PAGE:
« A Prize for 'Social Innovators' Older Than 60 | Main | House Committee Releases Draft For Reauthorizing Title III »

Secretary Spellings Criticizes ELL Proposals

| 6 Comments

U.S. Secretary of Education Margaret Spellings doesn't like some of the provisions for English-language learners in a preliminary proposal by leaders of the House Education and Labor Committee for reauthorization of the No Child Left Behind Act. (See previous post, here.) In a letter she sent today to Rep. George Miller, a Democrat from California who is chairman of the committee, she criticized the proposal that school districts could let English-language learners take tests in their native language for up to five years, with the option of extending that time by two more years on a case-by-case basis. "That's simply too long; this would allow a 3rd grade student to reach the 10th grade before ever being tested in English," Ms. Spellings wrote.

Let me note that the example Ms. Spellings gives would refer to a 3rd grader who arrived in U.S. schools in 3rd grade, not a 3rd grader who had enrolled in U.S. schools in kindergarten, as I interpret the committee's draft. The time frame starts when a child first begins attending U.S. schools.

Ms. Spellings implies that the proposed provision to extend the time frame for using native-language tests is an incentive to "slow down" the learning of English rather than speed it up. I'm expecting that some bilingual education advocates might address that observation by saying there's nothing wrong with slowing down the learning of English, as long as a child learns English well over the long haul of his or her school career. And if the child receives bilingual education—and can take tests in his or her native language—he or she could well end up having a good command of two languages instead of just English.

In general, Ms. Spellings contends the proposed changes in accountability for students with disabilities and ELLs will exclude more students from accountability and "allow them to be held to lower standards."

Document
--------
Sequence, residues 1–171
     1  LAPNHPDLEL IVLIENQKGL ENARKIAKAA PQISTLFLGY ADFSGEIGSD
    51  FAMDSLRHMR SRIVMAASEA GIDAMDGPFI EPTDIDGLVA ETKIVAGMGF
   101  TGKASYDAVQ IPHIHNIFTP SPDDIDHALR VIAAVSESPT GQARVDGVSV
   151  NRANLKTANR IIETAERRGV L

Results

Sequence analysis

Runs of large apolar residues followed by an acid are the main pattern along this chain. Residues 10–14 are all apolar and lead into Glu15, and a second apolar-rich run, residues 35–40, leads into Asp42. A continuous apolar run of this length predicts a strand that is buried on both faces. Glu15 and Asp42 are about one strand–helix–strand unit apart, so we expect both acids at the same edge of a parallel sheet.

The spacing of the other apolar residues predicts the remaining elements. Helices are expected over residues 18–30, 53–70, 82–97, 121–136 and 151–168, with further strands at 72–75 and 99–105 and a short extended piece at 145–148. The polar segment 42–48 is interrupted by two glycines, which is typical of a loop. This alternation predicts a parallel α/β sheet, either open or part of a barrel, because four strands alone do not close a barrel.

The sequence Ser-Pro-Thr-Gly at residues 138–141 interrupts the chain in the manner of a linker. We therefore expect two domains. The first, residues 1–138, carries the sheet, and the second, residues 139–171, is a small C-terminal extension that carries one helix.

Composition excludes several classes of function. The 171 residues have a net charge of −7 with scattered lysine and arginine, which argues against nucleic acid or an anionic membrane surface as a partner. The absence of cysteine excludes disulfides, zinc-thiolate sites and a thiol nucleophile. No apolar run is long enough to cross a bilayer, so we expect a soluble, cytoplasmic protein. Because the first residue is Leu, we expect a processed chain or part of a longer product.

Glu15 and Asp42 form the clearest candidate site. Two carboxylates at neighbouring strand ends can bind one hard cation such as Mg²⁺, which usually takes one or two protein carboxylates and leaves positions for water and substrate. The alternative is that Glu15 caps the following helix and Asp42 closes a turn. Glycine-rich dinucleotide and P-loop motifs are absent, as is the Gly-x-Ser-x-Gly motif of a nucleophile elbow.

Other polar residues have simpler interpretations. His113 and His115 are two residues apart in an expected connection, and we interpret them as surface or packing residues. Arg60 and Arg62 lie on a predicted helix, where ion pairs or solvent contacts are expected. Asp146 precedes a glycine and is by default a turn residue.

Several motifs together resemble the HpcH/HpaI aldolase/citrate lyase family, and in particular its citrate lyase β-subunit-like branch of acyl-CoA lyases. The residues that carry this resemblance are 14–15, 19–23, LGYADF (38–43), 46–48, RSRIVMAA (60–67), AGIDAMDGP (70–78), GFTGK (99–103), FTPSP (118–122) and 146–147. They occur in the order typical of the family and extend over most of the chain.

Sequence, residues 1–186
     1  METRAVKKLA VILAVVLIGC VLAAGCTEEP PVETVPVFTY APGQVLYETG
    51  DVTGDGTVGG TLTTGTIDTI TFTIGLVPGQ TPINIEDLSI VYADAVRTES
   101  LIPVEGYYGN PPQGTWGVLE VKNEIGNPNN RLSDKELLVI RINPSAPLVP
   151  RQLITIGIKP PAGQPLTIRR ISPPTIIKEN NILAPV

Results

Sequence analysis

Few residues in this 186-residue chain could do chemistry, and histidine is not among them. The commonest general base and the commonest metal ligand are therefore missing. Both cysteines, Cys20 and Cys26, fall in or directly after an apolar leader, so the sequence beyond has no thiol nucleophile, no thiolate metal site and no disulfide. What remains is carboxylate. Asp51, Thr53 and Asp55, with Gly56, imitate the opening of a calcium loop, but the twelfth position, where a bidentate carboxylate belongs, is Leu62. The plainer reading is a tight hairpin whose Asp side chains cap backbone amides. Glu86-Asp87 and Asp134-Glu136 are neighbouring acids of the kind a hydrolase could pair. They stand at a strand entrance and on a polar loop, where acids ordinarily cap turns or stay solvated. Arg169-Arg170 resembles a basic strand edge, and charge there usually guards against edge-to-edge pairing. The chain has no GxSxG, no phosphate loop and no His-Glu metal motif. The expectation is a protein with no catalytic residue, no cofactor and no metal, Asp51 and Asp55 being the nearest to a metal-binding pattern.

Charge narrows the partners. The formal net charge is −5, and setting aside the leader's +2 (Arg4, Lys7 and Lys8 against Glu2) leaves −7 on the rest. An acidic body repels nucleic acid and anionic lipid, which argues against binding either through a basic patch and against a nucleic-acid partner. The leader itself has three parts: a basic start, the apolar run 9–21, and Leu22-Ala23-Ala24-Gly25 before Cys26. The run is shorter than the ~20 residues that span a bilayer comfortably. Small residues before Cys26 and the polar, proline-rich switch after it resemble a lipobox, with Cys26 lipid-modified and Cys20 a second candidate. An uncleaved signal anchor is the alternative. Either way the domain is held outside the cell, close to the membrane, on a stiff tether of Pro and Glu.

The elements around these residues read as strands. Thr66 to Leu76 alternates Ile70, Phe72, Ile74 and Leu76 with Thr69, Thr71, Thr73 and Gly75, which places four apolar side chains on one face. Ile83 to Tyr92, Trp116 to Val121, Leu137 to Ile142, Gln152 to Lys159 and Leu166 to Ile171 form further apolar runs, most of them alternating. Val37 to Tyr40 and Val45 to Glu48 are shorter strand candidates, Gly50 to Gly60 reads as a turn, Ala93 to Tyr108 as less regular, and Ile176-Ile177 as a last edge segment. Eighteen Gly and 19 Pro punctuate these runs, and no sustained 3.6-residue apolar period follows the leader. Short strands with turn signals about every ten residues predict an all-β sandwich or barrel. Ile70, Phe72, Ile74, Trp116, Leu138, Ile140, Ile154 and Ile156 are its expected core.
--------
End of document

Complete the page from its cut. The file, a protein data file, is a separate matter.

6 Comments

Secretary Spellings believes that allowing English learners to take tests in their native language for up to five years is "simply too long." Is this claim based on scientific research? No, it's just her opinion -- apparently based on a gut feeling rather than on any informed view of language acquisition.

Here, in microcosm, is the folly of NCLB where English language learners are concerned. Virtually none of the ELL "accountability" provisions in NCLB -- or in the Miller-McKeon proposal for reauthorizing it -- bear any relation to reality. No empirical data supports them. Rather, they are arbitrary determinations that are being promoted for political, not pedagogical, reasons.

Research shows great variability in the length of time it takes children to acquire a second language, depending on a range of social and individual factors. Some kids are ready to take English-language tests relatively early; others need a lot more time. Why impose legal mandates based on gut feelings about when ELLs should be ready to take academic assessments in English? Why not leave such judgments to the teachers who know them best?

Oh, I forgot... Under NCLB, teachers are the enemy.

Currently our English language learners are overtested. They take English proficiency exams in addition to the high-stakes MCAS. These students, who need more instructional time, are spending hours taking standardized tests.
The English proficiency exam should be a gate-keeper for the grade level content assessments. Students at the beginning through intermediate levels of English proficiency should not be sitting through lengthy and frustrating standardized tests.